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The 1978 Kaikoura, New Zealand Photographs

Kaikoura, New Zealand Photographs


Kaikoura, N. Z. UFO

Kaikoura, N. Z. UFO

Australian TV
An extremely rare case of a plane flight for the express purpose of filming a UFO occurred on December 30, 1978, in New Zealand. Captain Bill Startup piloted an Argogy freighter, with Bob Guard as co-pilot. An Australian television film crew from Channel 0-10 would be assigned the unusual task of attempting to capture a photographic image of a UFO.

For some time, there had been a spate of UFO sightings in the area, and an investigation was called for. As the Argosy soared over the Pacific Ocean, northeast of South Island, they had their first sighting of a UFO. One of the television film crew members Quentin Fogarty, stated that he saw a row of five bright lights which were pulsating and grew from the size of a pinpoint to that of a large balloon. The whole sequence was then repeated, the lights now appearing over the town of Kaikoura, between the aircraft and the ground.

Air Traffic control at Wellington radioed the plane that they had a return for an unknown object following the Argosy. Startup took a 360 degree turn, in an attempt to confront the UFO. Although crew members could not see the UFO at this point, Wellington again radioed the plane:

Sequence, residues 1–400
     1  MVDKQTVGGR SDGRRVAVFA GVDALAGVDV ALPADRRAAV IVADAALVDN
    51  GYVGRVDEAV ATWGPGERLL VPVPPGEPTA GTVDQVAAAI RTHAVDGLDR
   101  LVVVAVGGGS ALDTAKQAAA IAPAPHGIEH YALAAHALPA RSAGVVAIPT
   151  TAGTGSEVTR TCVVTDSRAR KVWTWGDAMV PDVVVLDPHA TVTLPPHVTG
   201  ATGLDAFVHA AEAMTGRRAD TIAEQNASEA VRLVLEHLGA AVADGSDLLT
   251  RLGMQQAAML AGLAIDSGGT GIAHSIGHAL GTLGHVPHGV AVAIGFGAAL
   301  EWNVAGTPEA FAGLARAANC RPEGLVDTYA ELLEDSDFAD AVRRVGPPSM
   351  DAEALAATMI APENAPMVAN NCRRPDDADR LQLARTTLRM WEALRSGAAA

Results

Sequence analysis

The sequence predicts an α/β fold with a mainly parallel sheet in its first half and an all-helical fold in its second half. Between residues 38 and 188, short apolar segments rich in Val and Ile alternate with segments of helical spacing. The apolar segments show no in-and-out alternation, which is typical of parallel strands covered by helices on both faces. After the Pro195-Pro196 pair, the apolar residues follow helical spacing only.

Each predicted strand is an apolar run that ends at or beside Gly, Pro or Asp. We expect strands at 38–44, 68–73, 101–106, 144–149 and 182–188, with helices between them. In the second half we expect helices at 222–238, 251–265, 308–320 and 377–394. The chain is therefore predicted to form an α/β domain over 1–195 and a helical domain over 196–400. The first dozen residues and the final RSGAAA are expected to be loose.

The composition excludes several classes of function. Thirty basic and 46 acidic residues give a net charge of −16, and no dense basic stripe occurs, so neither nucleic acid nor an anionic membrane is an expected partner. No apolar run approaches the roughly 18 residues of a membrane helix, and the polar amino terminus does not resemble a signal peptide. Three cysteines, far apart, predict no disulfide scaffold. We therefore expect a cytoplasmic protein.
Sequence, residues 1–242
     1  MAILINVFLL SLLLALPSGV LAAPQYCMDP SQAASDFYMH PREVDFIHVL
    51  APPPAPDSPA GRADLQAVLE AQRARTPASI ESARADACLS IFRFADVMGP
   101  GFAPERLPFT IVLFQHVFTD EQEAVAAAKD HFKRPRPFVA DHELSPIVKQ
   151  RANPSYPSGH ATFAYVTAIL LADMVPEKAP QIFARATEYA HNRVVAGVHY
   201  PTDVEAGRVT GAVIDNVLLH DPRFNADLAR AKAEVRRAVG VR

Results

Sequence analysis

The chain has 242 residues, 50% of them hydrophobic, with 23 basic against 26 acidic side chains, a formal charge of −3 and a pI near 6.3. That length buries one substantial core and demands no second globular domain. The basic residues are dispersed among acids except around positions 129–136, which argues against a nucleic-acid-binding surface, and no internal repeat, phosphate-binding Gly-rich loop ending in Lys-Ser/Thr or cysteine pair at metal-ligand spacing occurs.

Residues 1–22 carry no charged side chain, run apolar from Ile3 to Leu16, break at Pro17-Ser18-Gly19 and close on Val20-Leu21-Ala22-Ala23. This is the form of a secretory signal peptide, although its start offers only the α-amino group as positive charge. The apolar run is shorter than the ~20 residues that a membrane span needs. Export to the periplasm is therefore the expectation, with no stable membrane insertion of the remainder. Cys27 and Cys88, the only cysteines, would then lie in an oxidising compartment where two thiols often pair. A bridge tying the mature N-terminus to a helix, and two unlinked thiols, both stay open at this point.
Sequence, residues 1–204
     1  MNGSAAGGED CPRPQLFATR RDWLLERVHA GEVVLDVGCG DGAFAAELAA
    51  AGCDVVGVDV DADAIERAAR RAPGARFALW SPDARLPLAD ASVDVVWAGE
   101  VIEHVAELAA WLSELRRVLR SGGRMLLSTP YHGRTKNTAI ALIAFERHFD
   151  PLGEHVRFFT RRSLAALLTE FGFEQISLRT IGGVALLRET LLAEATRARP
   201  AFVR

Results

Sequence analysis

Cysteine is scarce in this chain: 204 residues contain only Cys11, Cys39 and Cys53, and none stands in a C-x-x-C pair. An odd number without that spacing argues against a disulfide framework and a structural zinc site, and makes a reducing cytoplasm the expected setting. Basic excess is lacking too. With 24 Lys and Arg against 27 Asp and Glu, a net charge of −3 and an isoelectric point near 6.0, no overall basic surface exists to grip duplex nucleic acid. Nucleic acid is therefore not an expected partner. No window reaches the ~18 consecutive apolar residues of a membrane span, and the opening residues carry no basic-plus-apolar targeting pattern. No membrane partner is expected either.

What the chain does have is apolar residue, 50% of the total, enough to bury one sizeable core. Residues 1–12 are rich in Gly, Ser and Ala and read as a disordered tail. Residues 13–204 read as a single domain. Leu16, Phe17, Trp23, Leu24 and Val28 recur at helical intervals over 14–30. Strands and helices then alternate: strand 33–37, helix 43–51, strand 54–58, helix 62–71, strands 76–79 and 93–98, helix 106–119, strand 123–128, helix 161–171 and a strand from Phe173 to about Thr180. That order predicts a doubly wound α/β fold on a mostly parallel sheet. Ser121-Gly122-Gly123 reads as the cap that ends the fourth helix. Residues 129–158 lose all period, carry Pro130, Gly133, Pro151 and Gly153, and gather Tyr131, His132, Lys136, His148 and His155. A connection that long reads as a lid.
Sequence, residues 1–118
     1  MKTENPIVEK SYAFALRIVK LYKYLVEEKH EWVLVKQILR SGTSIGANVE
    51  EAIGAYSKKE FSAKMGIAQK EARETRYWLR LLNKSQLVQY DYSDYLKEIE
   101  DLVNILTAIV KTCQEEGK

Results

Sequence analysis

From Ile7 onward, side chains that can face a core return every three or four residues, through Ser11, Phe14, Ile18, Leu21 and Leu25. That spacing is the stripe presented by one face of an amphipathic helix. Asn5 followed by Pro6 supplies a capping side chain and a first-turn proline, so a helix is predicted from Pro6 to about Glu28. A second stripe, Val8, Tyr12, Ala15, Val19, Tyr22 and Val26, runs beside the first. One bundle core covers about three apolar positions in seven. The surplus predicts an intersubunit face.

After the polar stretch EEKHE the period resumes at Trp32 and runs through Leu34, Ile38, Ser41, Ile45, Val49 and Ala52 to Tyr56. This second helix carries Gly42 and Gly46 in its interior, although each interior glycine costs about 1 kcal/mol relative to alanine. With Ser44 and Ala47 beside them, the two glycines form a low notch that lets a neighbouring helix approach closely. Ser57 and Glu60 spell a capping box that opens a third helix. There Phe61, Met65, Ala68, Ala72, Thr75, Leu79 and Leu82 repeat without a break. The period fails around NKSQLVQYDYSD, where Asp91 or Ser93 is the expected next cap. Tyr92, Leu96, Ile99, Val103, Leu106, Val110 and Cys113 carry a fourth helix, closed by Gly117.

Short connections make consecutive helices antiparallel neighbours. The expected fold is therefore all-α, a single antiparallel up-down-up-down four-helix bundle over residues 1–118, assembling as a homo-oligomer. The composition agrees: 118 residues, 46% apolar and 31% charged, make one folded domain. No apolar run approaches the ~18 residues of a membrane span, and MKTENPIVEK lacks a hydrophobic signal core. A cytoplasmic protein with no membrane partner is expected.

"Sierra Alpha Eagle, you have a target in formation with you... target has increased in size."

Finally, the crew made visual contact with the UFO. The plane's navigational lights prohibited film being taken of the object. Startup turned off the lights, and the crew members could see a large, bright light. Television crew members were able to film 30 seconds of the object with a hand-held camera.

Startup reversed the plane's direction, and now the UFO was not visible, although Wellington was still getting a radar echo of the object. Finally, the Argosy landed at Christchurch with the UFO still visible on radar.

The very next night, the Argosy again took to the skies, and very soon had two UFOs in sight. One of the television cameramen observed one of the UFOs through his camera, describing it as a spinning sphere, with lateral lines around it. Only one of the UFOs showed a return on the plane's radar. Near the end of the flight, two lights could be seen. Wellington ground control still had the objects on radar.

The film taken by the Australian film crew would be shown all over the world. The BBC network gave a lead report on the film on an evening news show. Naturally, the film was quickly debunked by skeptics. They gave many alternative explanations for the UFOs. However, the Royal New Zealand Air Force had planes on full alert to confront the UFOs if it became necessary.

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